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VA health data move to be easier than DoD's

By: Tom Philpott
March 10, 2018 Updated: March 10, 2018 at 1:49 pm
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tom philpott, 

Rep. Phil Roe, R-Tenn., chairman of the House Veterans Affairs Committee, returned from a recent visit to Fairchild Air Force Base, Wash., alarmed that the Department of Veterans Affairs might have made a bad decision in June to replace its electronic health record system, VistA, with the same commercial off-the-shelf system that the military is adopting, starting with Pacific Northwest bases.

"I came back blowing the bugle," said Roe, a physician, who saw staff at Fairchild's hospital frustrated at the MHS Genesis system in ways that recalled for Roe his experience years earlier shifting paper to electronic medical records.

In this case, however, Fairchild physicians were frustrated that only minimal patient data had transferred from the Defense Department's system, AHLTA, into the Cerner Millennium architecture used in MHS Genesis.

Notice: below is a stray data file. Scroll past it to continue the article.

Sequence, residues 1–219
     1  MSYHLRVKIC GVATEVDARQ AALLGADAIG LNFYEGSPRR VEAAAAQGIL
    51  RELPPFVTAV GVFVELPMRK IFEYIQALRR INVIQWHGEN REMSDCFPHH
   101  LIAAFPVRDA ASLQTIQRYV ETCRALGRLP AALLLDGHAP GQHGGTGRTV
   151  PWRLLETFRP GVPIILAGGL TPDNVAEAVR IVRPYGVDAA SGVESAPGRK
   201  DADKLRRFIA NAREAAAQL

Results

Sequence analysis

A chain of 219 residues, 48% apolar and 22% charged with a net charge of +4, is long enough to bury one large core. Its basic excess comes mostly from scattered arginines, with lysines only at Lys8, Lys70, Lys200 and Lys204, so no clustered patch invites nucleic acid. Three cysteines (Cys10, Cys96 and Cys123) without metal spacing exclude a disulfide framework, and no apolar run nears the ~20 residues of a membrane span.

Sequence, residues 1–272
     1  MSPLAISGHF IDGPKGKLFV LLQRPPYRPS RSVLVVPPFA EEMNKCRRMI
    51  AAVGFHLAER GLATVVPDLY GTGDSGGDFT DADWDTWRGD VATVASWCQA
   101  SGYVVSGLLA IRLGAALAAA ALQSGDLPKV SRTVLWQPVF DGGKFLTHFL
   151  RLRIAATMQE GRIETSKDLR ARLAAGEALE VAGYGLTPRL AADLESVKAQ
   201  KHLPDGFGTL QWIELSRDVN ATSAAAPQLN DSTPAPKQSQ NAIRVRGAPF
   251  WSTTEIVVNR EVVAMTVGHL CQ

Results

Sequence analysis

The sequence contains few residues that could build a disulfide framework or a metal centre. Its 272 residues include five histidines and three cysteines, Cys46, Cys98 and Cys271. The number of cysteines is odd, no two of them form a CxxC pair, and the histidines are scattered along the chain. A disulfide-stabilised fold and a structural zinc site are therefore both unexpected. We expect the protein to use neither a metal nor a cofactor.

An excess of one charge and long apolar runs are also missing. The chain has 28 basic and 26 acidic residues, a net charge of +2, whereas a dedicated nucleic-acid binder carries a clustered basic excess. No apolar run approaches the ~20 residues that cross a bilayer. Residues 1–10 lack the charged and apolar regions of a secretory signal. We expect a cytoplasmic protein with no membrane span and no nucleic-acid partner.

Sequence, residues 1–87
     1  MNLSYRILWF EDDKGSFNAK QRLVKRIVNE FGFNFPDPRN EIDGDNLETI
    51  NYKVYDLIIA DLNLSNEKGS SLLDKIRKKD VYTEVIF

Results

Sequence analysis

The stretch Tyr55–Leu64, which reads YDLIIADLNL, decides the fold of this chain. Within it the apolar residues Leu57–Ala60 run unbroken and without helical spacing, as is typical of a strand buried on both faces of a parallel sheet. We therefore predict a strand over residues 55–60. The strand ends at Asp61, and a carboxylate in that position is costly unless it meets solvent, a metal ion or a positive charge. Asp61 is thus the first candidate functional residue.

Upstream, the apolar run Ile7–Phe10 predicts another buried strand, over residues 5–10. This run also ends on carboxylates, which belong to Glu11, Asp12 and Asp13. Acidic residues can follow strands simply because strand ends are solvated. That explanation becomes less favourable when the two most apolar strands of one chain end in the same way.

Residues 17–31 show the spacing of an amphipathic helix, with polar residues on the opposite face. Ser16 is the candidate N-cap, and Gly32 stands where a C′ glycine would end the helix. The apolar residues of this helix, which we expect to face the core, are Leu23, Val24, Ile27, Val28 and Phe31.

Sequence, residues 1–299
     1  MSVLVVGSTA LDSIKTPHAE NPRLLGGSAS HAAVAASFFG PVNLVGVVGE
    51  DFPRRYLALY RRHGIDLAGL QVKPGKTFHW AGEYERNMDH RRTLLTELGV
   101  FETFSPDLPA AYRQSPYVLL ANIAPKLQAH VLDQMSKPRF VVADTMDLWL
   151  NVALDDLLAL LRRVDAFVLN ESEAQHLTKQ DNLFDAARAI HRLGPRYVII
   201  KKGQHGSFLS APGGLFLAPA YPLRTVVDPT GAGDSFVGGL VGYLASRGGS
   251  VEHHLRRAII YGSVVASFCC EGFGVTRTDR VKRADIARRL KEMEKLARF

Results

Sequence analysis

If the VA adopted the same system, Roe remembered fearing, physicians would have to spend two to three additional minutes on each patient just looking into VistA data that Roe had expected would be transferred into the new record system.

"If I don't have it all in front of me," Roe said, "you've just added another hour to my day. You ask doctors today what's frustrating them. It's the damn electronic health system. It takes part of the joy out of medicine."

Roe said he feared that a lot of the efficiency savings that the VA expected to realize from modernizing electronic records would be lost by having to maintain the legacy system alongside the new system, perhaps for decades.

That's why Roe sounded retreat, he said. But he has put away his horn.

VA Secretary David Shulkin in December paused contract negotiations and plans to piggyback onto the deployment of MHS Genesis for reasons unrelated to physician frustrations Roe witnessed. In fact, Roe said, Shulkin soon reassured him that VA medical data won't face the same transfer challenges as military patient data stored on AHLTA. Shulkin told him, Roe said, that contracting officials expect to be able to transfer up to five years of VA medical records into the new system for every patient enrolled in VA health care.

Roe remains concerned that the Department of Defense will have to keep AHLTA accessible for years longer than the VA will need to use VistA, even though the VA's patient base is at least twice as large.

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To comment, write Military Update, P.O. Box 231111, Centreville, VA, 20120 or email milupdate@aol.com.

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